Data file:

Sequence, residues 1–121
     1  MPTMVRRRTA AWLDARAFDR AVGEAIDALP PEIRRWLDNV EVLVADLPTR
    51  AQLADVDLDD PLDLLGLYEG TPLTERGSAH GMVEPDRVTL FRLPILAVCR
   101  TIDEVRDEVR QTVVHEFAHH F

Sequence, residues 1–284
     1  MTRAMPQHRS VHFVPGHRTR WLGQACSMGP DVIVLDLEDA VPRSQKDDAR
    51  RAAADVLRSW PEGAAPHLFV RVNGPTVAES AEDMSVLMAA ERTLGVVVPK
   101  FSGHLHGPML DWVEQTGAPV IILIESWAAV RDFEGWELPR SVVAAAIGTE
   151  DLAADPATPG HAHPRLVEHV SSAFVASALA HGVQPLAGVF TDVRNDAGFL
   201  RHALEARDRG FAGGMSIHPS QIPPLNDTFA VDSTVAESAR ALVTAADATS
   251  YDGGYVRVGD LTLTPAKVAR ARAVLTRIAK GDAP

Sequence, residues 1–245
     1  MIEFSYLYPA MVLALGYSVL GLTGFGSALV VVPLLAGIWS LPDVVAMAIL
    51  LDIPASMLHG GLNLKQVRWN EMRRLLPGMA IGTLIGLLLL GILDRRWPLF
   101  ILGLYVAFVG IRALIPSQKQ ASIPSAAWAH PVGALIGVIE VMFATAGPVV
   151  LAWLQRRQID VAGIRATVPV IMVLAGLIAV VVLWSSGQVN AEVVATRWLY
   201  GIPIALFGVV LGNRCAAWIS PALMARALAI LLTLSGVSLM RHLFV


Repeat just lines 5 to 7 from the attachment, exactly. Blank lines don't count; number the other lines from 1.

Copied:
Sequence, residues 1–284
     1  MTRAMPQHRS VHFVPGHRTR WLGQACSMGP DVIVLDLEDA VPRSQKDDAR
    51  RAAADVLRSW PEGAAPHLFV RVNGPTVAES AEDMSVLMAA ERTLGVVVPK